Welcome to St. Mary Parish

Bienvenido La Parroquia de St. Mary

Dear Friends,

Welcome to the St. Mary Parish website, which is continually under construction with new parish updates and exciting news. We welcome you to our parish!

If you are new in the area, we invite you to worship with us and participate in our parish activities.

We extend a special invitation to those who may have been away from the church for a while to rejoin us.

Through this website, we hope to provide opportunities to grow in faith through some of the links that are offered and to keep you up to date with parish activities. 

Good wishes to all.

Rev. Seán Bonner
Pastor

Queridos amigos,

Bienvenido al sitio web de La Parroquia de St. Mary, que se encuentra actualmente en construcción. ¡Le damos la bienvenida a nuestra parroquia!

Si es nuevo en el área, lo invitamos a orar con nosotros y participar en nuestras actividades parroquiales.

Extendemos una invitación especial a aquellos que pueden haber estado lejos de la iglesia por un tiempo para reunirse con nosotros.

A través de este sitio web, esperamos brindar oportunidades para crecer en la fe a través de algunos de los enlaces que se ofrecen y para mantenerlo al día con las actividades de la parroquia.

Los buenos deseos para todos,

Rev. Seán Bonner
Pastor

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Parish Services:

Thinking About Becoming A Catholic?

In parishes throughout the country, men and women who are seeking to journey in faith, gather together for what has come to be known as the R.C.I.A. (Rite of Christian Initiation for Adults). If you or someone you know are interested in the R.C.I.A. program, Click here for more information.

Vocation Awareness

Many priests and religious will tell you that before entering religious life, they felt unworthy of such a calling. Yet, St. Paul tells us that he boasts of his weaknesses because he knows that God’s grace is enough (2 Cor 12:7-10). Saint or sinner, you may be called to the priesthood. Click here for more information.

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Notes from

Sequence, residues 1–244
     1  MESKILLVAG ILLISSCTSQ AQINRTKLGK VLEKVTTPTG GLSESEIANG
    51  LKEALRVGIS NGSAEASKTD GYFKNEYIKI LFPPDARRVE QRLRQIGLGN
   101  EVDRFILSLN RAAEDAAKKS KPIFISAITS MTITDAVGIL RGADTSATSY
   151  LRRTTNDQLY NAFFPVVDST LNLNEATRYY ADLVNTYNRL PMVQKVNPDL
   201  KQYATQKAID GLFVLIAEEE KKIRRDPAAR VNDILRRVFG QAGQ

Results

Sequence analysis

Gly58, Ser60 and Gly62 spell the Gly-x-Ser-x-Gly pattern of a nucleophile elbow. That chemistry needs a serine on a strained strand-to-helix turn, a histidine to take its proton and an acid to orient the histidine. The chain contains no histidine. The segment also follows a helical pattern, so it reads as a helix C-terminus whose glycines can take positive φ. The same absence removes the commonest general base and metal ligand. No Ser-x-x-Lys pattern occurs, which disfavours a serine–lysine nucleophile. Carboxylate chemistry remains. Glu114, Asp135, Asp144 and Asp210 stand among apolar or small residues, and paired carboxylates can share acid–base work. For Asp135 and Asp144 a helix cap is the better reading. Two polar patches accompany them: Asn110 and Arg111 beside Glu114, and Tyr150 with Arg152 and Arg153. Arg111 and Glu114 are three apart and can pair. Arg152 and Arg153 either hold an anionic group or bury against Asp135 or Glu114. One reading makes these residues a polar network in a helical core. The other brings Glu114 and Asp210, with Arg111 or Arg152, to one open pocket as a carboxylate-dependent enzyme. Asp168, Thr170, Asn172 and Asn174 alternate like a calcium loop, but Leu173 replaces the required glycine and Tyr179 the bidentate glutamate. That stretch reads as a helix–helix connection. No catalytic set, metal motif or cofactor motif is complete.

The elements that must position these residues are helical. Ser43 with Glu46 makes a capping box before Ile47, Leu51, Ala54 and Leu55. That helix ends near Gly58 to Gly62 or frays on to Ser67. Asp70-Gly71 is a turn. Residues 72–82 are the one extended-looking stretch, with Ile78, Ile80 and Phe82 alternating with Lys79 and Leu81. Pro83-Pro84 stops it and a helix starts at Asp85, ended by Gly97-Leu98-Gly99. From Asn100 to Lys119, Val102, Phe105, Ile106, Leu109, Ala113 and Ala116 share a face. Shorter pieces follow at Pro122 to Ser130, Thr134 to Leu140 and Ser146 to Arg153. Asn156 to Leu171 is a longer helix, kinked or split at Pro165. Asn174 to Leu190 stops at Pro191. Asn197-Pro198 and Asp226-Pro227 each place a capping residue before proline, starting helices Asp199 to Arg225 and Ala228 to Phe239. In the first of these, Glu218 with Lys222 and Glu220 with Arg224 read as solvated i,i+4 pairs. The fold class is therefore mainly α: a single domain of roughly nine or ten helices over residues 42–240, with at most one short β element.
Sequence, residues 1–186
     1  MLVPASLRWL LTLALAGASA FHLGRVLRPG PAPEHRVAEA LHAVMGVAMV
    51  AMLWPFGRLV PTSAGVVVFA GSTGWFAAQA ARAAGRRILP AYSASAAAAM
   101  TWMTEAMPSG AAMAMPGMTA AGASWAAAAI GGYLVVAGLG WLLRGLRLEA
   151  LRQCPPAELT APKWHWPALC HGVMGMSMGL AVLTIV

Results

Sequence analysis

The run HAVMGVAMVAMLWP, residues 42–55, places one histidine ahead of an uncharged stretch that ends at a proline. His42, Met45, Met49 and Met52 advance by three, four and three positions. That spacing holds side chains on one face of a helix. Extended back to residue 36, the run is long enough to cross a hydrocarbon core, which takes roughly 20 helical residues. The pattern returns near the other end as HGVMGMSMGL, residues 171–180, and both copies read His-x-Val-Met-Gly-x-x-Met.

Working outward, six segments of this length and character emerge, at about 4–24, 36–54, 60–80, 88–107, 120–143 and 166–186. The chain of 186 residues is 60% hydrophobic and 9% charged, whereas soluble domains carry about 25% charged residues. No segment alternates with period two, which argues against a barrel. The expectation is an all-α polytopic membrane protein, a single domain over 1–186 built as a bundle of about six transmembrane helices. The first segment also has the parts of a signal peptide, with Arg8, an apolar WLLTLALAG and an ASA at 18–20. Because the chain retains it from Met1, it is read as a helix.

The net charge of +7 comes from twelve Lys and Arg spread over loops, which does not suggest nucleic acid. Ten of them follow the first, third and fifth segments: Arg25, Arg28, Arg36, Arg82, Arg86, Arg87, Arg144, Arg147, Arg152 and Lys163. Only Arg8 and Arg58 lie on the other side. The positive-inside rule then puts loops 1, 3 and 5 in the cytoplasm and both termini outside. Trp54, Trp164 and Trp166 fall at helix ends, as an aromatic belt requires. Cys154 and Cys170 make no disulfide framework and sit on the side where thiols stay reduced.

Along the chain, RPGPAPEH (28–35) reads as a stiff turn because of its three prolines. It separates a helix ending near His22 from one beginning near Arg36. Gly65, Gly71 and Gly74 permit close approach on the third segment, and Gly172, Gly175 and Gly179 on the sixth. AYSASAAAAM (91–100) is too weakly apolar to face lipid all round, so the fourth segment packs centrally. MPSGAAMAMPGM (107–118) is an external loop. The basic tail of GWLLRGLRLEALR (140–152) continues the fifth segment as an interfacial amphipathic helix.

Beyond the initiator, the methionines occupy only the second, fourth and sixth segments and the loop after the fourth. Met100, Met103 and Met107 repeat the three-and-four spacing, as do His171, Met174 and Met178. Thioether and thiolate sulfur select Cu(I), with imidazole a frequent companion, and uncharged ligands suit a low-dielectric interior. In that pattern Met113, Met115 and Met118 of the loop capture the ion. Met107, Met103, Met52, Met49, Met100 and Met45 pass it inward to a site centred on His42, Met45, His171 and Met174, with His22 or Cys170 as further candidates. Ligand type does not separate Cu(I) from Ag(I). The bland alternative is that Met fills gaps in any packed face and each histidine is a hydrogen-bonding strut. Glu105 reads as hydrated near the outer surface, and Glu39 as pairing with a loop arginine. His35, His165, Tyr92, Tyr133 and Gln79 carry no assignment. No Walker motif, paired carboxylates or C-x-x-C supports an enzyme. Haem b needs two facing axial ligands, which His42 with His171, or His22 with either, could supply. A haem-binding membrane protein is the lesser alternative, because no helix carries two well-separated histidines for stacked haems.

Fr. Sean

September 27, 2020

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Interim MASS SCHEDULE
in Church

Please maintain social distancing in and around the church at all times.
Face covering/mask must  be worn in and around the church.​​​​​​ Thank you.

 

Monday, Wednesday, Friday
9:00 AM
(English)

Saturday:  4:00 PM (English)

Sunday:  8:30 AM (English)

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11:30 AM (English)
also via livestream: 
https://www.youtube.com/channel/
UCGjYKC23I5k5X3B05AFtUYQ


2:00 PM (Misa en español)
también se transmitirán en vivo:
https://www.youtube.com/channel/
UCGjYKC23I5k5X3B05AFtUYQ

5:00 PM (English)

Sacrament of Reconcilation
in Church
 

Saturday
3:00 PM to 3:30 PM

or call for an appointment
(734) 721-8745
Mon - Fri  8:30 AM - 4:30 PM

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HOLY ROSARY

Pray the Rosary, daily. 

PRAY THE ROSARY WITH US!
How to pray the Rosary

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Detroit Priest
BECOME A PRIEST

Permanent Diaconate

Religious Life


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Catholic News

 

Linden Cameron shooting ‘devastating,’ Catholic disability group says

Denver Newsroom, Sep 27, 2020 / 12:00 pm (CNA).- The director of a Catholic organization focused on the needs of people with disabilities said Wednesday that the police shooting of a Utah boy with autism points to the importance of advocacy, understanding, and compassion for people with autism and other disabilities.

“This situation shines a light on two diagnoses unfortunately on the rise in our world: autism and mental illness,” Charleen Katra, director of the National Catholic Partnership on Disability, told CNA this week.

“More importantly, we see how the lives of persons currently living with either or both diagnoses are in dire need of understanding and advocacy,” Katra said.

“This situation makes us all weep, along with God. All human beings, in all circumstances, deserve to be treated with dignity.”

Linden Cameron, a 13-year-old Salt Lake City boy, was seriously injured and hospitalized after he was shot by a police officer Sept. 4.

Cameron has Asperger syndrome, also called autism spectrum disorder, and had a mental health crisis on Friday, Sept. 4, according to his mother, Golda Barton. Cameron also has mental health problems; in police bodycam footage his mother said he was under the care of a psychiatrist for multiple mental health diagnoses, and that he has sensory processing disorder.

Barton called 911 on Sept. 4, and requested a crisis intervention officer. She said her son needed to be hospitalized for mental health treatment.

When police officers, rather than a crisis team, arrived, Barton told them that her son was scared of police, had difficult processing commands, was likely to run, and that he needed to be hospitalized. She also told police that Cameron might have a BB gun or a pellet gun. Asked by police if it was a real gun, Barton said she did not believe it was a real gun.